3ie-LIDC Seminar Series: Fairtrade certification does not improve welfare of agricultural workers
The January seminar in the 3ie-LIDC Series 'What works in international development' featured a presentation by Prof. Christopher Cramer and Dr. Deborah Johnston from the Departments of Development Studies and Economics at SOAS, University of London: ' Making Sense of Differences in Working Conditions: an investigation into the impact of Fairtrade in Ethiopia and Uganda'.
Proliferation of Fairtrade certification schemes
Recent years have seen a proliferation of Fairtrade certification schemes and now very large numbers of people are working on certified farms either as producers or workers. The theory of change behind Fairtrade certification schemes is that Fairtrade contributes to development through creating better trading conditions and improving the situation of small producers and workers. However, very little is known about the impact of such schemes especially on wage workers. This is true for both ‘hired labour situations’ (such as plantations) and in so-called smallholder producer organisations. Different standards apply for each situation; a division based on the assumption that there is minimal wage employment by smallholders.
SOAS research seeks to measure effect of Fairtrade on workers' lives
SOAS researchers have been engaged in a four-year research project in Uganda and Ethiopia, funded by the UK Department for International Development (DFID). The research involved collecting evidence from areas producing agricultural exports (coffee, tea and flowers) on how different rural labour markets affect poor people’s lives. More than 1,000 fieldwork-days generated a large volume of evidence – through different survey instruments, focus groups, life’s work interviews, and other qualitative research.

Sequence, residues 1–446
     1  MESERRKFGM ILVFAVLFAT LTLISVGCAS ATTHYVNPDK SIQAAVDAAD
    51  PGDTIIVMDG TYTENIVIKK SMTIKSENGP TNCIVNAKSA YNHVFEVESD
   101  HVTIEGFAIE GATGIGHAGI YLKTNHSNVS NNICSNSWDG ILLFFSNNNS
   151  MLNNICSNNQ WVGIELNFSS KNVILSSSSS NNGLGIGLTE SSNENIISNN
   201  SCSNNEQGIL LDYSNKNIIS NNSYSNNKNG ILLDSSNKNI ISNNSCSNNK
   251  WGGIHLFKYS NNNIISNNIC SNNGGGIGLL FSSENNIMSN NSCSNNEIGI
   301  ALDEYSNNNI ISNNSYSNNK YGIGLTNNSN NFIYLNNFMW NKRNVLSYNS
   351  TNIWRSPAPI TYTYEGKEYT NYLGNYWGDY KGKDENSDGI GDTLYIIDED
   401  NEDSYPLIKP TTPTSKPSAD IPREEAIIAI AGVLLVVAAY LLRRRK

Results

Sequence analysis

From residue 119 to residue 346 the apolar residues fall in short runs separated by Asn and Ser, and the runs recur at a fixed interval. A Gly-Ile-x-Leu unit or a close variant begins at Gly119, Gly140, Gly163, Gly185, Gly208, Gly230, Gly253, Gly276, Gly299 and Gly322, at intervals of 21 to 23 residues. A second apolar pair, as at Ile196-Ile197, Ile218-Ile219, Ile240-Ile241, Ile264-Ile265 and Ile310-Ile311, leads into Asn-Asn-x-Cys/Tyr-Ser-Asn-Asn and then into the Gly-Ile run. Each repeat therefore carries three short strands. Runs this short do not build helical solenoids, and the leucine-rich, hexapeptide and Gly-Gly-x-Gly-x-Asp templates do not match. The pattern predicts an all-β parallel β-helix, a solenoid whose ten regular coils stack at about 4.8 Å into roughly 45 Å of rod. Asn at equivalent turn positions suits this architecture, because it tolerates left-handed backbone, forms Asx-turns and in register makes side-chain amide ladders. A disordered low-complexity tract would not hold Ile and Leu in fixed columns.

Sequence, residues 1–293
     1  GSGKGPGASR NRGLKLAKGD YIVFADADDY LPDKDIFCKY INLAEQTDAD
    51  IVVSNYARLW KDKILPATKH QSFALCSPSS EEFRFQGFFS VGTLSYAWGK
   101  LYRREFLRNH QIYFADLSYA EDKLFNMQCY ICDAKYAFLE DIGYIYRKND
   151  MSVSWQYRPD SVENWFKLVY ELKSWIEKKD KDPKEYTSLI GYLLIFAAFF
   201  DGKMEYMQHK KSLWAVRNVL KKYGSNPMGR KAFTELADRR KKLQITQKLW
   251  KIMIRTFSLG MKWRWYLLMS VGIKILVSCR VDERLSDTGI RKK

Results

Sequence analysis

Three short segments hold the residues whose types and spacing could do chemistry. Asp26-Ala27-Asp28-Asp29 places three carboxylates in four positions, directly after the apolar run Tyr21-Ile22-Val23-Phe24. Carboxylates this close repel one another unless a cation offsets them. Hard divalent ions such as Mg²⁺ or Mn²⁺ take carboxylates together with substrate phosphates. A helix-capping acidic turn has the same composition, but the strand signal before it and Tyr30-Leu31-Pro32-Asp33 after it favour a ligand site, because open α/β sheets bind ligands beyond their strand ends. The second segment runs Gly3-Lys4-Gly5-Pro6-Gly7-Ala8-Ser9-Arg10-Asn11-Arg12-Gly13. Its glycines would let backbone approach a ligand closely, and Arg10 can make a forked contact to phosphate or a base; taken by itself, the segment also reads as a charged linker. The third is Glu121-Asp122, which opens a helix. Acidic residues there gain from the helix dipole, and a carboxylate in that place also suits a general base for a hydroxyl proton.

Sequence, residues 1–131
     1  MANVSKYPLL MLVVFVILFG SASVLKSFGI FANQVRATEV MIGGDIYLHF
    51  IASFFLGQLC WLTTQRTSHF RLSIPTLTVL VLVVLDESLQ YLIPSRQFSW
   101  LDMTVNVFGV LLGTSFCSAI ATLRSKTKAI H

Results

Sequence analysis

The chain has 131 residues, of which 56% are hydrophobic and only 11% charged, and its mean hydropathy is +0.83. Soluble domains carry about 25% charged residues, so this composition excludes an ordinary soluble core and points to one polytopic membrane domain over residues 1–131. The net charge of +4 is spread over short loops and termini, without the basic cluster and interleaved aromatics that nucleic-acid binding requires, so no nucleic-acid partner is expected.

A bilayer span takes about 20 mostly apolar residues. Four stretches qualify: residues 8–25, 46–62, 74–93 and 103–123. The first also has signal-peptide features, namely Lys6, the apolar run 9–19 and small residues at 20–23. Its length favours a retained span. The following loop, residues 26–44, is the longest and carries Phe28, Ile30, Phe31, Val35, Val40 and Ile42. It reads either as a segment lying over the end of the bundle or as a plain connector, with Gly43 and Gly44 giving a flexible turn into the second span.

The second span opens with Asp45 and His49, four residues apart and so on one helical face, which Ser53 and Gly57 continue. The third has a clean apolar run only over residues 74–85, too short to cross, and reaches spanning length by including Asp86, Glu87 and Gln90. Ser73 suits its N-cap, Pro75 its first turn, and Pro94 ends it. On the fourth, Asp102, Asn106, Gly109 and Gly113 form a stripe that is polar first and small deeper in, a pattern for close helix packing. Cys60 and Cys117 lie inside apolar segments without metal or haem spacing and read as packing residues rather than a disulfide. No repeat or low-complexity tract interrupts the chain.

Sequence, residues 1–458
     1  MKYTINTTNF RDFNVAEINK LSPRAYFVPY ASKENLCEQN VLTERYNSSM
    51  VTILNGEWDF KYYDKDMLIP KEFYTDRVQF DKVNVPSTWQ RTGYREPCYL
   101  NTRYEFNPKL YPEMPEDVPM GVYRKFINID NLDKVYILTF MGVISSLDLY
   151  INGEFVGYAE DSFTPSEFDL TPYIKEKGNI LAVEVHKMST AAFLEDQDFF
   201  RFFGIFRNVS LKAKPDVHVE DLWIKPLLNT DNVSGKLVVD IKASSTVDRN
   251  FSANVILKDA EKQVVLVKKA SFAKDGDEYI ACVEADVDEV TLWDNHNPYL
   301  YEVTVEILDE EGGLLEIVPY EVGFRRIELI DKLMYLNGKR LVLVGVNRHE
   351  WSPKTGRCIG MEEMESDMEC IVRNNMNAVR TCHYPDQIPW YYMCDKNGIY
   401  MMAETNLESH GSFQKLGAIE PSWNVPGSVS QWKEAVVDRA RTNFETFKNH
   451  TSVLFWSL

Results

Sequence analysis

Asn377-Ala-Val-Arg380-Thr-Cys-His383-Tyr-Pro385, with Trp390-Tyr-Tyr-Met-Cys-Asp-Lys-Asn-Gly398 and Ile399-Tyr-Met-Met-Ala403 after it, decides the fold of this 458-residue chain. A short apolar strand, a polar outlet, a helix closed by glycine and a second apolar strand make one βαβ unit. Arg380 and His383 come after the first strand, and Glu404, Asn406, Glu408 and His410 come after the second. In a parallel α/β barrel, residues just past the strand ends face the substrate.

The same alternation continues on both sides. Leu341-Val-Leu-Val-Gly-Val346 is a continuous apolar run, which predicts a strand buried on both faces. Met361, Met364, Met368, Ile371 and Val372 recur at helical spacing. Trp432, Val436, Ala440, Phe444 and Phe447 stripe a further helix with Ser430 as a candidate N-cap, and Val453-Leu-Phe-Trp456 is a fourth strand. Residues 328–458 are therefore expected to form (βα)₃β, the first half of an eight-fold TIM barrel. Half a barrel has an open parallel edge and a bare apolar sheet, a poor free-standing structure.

Photo: Coffee drying in Ethiopia, http://ftepr.org/photos
Low-paid wage employment prevails in agriculture - and Fairtrade does not help
The first finding of the study is that wage employment is far more prevalent in smallholder agriculture than commonly acknowledged. Additionally, agricultural wage workers were found to be extremely poor, with low education levels and asset ownership, in particular among women.
Second, the study found no evidence that Fairtrade improves conditions for wage workers – either in hired labour situations or in small producer organisations. In Ethiopia flower and coffee workers on Fairtrade certified production sites were paid significantly less than in areas without this certification. In Uganda tea and coffee workers received less or not more in the areas with Fairtrade certified producer organisations than where there was no such certification. In both countries jobs on non-certified sites also lasted longer than on Fairtrade ones. Non-wage benefits, such as free meals, medical care, paid overtime, were also less favourable to the workers on certified plantations. Abuse and labour malpractices were no less common experiences among workers for Fairtrade certified producers and processors than for others in the research samples and indeed some health and safety practices were evidently worse.
Econometric analysis – regression analysis and propensity score matching - confirmed these results while controlling for factors such as scale (workers tend to be paid more on large sites), gender (women generally earn less than men), and education (less educated workers tend to get lower wages).
The discussion that followed focused on methodological issues as well as likely explanations of the findings.
Download the powerpoint presentation
Read the blog post 'Should I bother paying more for a packet of fairtrade coffee?'
This seminar is part of the 3ie-LIDC Seminar Series 'What works in international development'.